It was easy for Samuel to make the connection between the men he'd just buried and an Indian woman. He hated to think what the dead men might have done to her. The Confederacy had conscripted many Indians from the Territory to fight for the South. The Union troops who faced these Indian soldiers had learned to fear and hate them for their bravery and skills. Hatred could cause a man to do terrible things in war. It could have caused those men to do the same even without the war as an excuse. Samuel figured some of the woman's tribe had trailed the men and administered their own form of justice. It seemed fitting, considering the men he'd just buried.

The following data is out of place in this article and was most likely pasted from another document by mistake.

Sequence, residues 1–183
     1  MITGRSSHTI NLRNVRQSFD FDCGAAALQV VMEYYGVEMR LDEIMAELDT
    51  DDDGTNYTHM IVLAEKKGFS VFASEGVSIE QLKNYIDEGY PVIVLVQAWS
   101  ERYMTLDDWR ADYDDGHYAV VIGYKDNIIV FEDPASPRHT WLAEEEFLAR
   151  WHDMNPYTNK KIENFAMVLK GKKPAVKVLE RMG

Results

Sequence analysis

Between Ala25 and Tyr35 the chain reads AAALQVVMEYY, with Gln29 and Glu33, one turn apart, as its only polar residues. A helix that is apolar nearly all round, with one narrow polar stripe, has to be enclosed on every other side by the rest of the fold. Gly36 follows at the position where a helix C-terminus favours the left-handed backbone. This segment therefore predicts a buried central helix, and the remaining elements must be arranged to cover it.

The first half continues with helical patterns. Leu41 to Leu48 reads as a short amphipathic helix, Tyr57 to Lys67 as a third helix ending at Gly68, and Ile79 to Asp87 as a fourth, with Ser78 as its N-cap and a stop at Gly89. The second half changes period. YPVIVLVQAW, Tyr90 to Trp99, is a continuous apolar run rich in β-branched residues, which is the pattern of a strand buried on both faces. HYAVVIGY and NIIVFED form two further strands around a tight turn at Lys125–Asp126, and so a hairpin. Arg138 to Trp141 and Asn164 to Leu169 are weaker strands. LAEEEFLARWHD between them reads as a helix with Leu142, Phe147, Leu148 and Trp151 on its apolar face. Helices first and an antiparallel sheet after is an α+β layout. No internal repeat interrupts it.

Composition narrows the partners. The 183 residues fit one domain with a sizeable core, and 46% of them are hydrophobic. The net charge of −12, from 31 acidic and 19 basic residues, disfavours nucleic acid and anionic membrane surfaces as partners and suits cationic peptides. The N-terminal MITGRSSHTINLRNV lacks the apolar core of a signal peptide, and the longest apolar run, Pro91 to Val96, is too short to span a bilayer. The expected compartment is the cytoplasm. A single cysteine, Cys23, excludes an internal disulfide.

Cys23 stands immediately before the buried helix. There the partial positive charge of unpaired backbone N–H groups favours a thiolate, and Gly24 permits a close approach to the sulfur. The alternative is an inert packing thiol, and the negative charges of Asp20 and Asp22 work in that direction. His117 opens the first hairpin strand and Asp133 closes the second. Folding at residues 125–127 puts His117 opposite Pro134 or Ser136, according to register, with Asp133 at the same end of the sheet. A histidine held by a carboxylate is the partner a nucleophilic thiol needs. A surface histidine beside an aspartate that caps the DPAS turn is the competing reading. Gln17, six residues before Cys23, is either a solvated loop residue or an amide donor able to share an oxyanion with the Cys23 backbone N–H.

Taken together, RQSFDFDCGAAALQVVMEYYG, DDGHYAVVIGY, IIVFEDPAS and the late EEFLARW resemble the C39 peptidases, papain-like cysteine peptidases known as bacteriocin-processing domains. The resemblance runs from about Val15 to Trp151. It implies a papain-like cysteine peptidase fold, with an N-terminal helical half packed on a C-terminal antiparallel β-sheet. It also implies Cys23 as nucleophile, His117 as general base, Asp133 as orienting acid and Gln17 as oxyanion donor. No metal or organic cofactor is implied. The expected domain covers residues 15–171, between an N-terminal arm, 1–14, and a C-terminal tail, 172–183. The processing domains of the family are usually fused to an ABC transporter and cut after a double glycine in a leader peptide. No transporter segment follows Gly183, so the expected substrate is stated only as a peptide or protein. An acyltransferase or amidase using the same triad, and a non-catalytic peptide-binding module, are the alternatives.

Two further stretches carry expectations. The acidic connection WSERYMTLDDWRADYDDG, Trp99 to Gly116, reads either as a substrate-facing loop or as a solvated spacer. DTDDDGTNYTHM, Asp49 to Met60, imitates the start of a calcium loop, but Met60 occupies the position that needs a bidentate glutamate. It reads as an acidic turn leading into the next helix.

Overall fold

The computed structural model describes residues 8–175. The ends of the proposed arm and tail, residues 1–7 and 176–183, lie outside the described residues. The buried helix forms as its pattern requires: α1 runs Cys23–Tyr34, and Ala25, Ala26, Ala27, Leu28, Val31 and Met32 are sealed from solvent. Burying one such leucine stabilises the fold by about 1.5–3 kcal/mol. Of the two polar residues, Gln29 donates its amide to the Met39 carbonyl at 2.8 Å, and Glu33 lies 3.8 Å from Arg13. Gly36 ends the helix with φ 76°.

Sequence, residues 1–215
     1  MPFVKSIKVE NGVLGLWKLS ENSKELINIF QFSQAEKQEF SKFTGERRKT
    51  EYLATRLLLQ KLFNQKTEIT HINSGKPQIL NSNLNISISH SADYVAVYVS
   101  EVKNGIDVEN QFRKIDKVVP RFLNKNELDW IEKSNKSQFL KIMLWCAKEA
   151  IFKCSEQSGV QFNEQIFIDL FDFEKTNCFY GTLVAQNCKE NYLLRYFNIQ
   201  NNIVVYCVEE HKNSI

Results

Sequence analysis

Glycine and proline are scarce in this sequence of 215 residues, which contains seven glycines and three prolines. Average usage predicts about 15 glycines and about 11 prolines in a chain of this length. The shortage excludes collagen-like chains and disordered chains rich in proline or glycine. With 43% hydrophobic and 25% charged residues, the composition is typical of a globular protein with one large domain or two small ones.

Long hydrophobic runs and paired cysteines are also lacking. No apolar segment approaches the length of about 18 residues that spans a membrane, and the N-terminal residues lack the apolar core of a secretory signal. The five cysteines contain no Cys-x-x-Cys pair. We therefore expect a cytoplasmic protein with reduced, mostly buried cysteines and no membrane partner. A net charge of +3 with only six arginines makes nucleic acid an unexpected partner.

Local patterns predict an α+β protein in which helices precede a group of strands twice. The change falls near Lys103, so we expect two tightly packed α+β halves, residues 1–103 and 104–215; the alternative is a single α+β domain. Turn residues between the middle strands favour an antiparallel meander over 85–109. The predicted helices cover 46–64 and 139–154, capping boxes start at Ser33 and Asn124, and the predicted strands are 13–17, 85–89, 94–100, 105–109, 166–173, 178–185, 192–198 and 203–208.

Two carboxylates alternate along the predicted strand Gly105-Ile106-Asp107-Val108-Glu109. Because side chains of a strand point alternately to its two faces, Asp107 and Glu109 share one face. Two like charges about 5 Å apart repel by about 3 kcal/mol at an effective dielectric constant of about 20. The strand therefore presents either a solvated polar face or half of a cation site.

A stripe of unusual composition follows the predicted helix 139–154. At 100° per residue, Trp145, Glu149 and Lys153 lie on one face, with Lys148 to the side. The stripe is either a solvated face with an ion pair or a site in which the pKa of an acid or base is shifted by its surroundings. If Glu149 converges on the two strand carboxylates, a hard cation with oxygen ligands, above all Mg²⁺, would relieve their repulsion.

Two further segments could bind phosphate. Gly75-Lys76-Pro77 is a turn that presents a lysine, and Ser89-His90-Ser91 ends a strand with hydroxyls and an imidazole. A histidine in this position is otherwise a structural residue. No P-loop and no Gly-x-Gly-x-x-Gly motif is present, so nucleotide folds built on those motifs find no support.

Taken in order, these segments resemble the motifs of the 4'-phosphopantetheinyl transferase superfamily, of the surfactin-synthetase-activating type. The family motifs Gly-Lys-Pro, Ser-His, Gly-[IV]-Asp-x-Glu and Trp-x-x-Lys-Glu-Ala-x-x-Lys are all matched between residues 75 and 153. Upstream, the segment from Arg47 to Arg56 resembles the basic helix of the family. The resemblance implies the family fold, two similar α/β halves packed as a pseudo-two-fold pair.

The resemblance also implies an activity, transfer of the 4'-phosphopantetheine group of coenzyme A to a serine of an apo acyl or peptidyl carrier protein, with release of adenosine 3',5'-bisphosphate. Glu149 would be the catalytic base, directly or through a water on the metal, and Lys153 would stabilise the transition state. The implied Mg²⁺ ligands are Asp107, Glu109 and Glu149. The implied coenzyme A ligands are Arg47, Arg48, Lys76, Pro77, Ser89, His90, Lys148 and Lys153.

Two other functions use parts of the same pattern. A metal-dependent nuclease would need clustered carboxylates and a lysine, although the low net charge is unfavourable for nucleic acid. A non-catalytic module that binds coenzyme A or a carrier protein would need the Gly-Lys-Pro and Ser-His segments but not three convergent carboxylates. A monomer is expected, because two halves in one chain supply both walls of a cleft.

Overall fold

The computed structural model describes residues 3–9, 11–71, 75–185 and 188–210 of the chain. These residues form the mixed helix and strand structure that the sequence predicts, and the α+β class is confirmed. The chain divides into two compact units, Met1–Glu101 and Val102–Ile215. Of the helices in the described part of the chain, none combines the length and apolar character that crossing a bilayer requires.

Samuel dropped the dress to the ground and walked back to Rowdy. He scanned the prairie ahead and saw nothing, but if she was there, the tall grass would probably have hidden her. His battle field experience told him that with all that blood, she was already dead anyway. Rowdy nickered and bumped Samuel with his nose.
"All right, Rowdy, we'll getcha a drink in a bit."
Samuel swung into the saddle and started toward the trees again, still looking over the tall prairie grass for some sight of the woman.
His camping spot for the night was beside a small stream. Samuel hobbled Rowdy, then pulled the saddle from his back and replaced the bridle with a rope halter. After slapping the gelding on the rump to send him into the prairie grass, Samuel spread out his bedroll and looked for wood for a fire. In a few minutes, he was bent over a small pile of tinder with his flint and steel.